Horizon Zero Dawn 

horizon zero dawn

(Image credit: Sony Computer Entertainment Europe)

In terms of "difficult open-world games with an interesting central narrative," Horizon Zero Dawn is arguably right up there with Elden Ring. You play as Aloy: an adventurer in a post-post-apocalyptic world. As she explores the gorgeous American West, she'll do battle against both human foes and giant robots that resemble dinosaurs and prehistoric mammals. What sets Horizon apart from most other action games is that it's all about ranged combat rather than melee. To hunt your robotic prey, you'll need to be cunning, precise and judicious, using a combination of special skills and consumable items. That should feel familiar to Elden Ring players. 

The Legend of Zelda: Breath of the Wild 

Breath of the Wild screenshot

(Image credit: Nintendo)

When Elden Ring debuted, many reviewers compared the game to The Legend of Zelda: Breath of the Wild, and with good reason. Like Elden Ring, Breath of the Wild also features a huge open world that never tells you explicitly where to go next. Early on in Breath of the Wild, you'll receive four vague plot directives, and how you pursue them is totally up to you. This time around, Link must tackle 120 mini-dungeons called Shrines, solving puzzles and improving his abilities as he goes. With tough combat, an interesting setting and lots of secrets to find, Breath of the Wild and Elden Ring scratch many of the same itches. 



(Image credit: Koei Tecmo)

One of the better "Soulslikes" out there, Nioh casts you as William, an Irish adventurer who makes his way to feudal Japan and trains as a samurai. He's based on William Adams, a real-life English navigator who did essentially the same thing. Of course, William Adams probably never had to do battle with a full bestiary of demons and fell spirits. Like Elden Ring, Nioh features precise, strategic combat, a high difficulty curve and a staggering array of different gear to equip. The levels are a little more directed, but there are still plenty of secrets to find if you're willing to go off the beaten path.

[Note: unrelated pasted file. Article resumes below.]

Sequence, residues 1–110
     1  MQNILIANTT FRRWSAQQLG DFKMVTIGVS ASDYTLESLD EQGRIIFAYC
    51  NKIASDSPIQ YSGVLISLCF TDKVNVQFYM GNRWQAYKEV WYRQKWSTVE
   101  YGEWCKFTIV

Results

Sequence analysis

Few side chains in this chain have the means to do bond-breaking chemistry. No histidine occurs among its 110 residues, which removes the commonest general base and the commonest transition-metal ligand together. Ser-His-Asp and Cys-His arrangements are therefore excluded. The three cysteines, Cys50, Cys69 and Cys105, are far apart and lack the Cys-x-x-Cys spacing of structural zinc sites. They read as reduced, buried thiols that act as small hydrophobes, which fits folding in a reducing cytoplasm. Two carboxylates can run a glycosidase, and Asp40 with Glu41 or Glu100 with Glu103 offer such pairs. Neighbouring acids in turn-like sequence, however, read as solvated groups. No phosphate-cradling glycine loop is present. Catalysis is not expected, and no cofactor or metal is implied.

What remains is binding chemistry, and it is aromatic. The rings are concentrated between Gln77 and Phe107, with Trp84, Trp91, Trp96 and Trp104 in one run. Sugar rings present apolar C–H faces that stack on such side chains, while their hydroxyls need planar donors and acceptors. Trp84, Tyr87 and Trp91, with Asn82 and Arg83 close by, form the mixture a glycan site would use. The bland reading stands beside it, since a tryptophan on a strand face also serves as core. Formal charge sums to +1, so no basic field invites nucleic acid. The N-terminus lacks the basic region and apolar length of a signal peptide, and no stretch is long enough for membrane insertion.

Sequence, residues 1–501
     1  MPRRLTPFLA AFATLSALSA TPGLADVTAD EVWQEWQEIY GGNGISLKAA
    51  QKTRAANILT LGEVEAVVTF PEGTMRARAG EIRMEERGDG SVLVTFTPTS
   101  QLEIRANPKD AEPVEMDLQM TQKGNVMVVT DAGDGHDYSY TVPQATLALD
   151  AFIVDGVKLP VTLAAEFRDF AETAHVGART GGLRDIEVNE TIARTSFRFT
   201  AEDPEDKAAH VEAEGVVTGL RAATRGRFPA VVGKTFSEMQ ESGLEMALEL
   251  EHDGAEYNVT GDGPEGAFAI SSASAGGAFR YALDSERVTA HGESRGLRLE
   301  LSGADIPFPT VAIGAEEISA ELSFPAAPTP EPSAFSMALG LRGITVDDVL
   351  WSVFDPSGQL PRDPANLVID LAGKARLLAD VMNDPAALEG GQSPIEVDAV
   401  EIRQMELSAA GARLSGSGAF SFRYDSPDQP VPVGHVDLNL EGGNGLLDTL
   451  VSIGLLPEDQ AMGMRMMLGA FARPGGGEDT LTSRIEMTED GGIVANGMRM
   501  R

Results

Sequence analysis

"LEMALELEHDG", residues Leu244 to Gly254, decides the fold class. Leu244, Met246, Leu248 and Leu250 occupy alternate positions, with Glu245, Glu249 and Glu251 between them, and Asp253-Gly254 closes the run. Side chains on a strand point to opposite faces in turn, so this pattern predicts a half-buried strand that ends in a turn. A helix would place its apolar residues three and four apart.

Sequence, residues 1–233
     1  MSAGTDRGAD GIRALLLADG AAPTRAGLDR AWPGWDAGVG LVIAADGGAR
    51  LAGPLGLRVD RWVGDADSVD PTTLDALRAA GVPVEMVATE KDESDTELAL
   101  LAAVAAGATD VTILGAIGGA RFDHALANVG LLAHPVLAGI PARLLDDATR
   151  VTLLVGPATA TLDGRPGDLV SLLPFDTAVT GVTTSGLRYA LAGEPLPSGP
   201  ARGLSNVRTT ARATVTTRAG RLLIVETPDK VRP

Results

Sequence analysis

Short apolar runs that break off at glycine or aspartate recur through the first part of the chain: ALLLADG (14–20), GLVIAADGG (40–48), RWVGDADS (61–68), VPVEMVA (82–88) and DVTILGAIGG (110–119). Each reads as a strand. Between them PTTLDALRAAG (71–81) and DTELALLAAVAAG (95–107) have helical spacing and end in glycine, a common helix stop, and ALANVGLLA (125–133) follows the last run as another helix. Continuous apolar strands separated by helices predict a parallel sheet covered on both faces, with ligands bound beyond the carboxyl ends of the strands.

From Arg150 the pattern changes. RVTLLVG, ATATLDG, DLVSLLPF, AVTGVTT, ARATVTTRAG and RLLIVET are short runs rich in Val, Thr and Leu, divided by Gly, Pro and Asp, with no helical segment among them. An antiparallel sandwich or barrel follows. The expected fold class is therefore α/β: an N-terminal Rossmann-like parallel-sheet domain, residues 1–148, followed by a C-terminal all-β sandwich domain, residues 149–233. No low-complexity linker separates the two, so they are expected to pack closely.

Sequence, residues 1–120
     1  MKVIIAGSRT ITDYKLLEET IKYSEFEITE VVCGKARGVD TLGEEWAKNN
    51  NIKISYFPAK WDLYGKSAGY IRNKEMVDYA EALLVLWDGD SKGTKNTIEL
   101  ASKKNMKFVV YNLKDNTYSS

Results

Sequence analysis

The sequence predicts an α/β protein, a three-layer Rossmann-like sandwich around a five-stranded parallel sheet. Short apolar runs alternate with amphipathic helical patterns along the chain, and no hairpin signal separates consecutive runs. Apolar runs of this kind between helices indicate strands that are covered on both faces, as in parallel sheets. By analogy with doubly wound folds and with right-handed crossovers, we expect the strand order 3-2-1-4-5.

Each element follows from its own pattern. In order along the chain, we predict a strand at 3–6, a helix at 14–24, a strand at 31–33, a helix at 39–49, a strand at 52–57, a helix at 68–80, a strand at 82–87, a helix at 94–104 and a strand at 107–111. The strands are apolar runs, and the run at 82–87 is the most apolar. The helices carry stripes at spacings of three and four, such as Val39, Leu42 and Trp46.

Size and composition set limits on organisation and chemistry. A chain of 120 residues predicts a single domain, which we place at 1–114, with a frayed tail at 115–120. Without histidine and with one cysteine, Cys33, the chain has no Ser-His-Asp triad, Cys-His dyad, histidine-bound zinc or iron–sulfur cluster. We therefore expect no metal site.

Star Wars Jedi: Fallen Order 

jedi fallen order

(Image credit: EA)

Star Wars Jedi: Fallen Order is probably the biggest stretch on this list. It's not an open-world game; it's not a dark fantasy game; it's not even really a Soulslike game. But Fallen Order does feature demanding combat, difficult opponents and lots of optional exploration. This third-person action/adventure game casts you as Cal Kestis, a Jedi Padawan trying to survive shortly after Darth Vader's Jedi Purge. Armed with a lightsaber and a variety of Force powers, you'll take on the soldiers of the Empire, as well as deadly native fauna on a variety of planets. Elden Fans will almost certainly like the combat in this one. 

The Witcher 3: Wild Hunt 

The Witcher 3: Wild Hunt

(Image credit: CD PROJEKT RED)

Elden Ring may be the latest "open-world game where almost every piece of side content is worthwhile," but The Witcher 3: Wild Hunt just about pioneered the formula. In this game, you take control of roving monster hunter Geralt of Rivia, who finds himself embroiled in a war, an interdimensional hunt and a love triangle, all at the same time. Instead of one seamless world, you'll explore four huge areas, but each one has a varied landscape, a plethora of side missions and an exciting quest to advance the main story. The combat isn't quite as gripping as in Elden Ring, but your choices have a much bigger influence on the story. 

If you're still working your way through Elden Ring, we have a bunch of tips and tricks for getting the most out of the game. 

Marshall Honorof

Marshall Honorof is a senior editor for Tom's Guide, overseeing the site's coverage of gaming hardware and software. He comes from a science writing background, having studied paleomammalogy, biological anthropology, and the history of science and technology. After hours, you can find him practicing taekwondo or doing deep dives on classic sci-fi.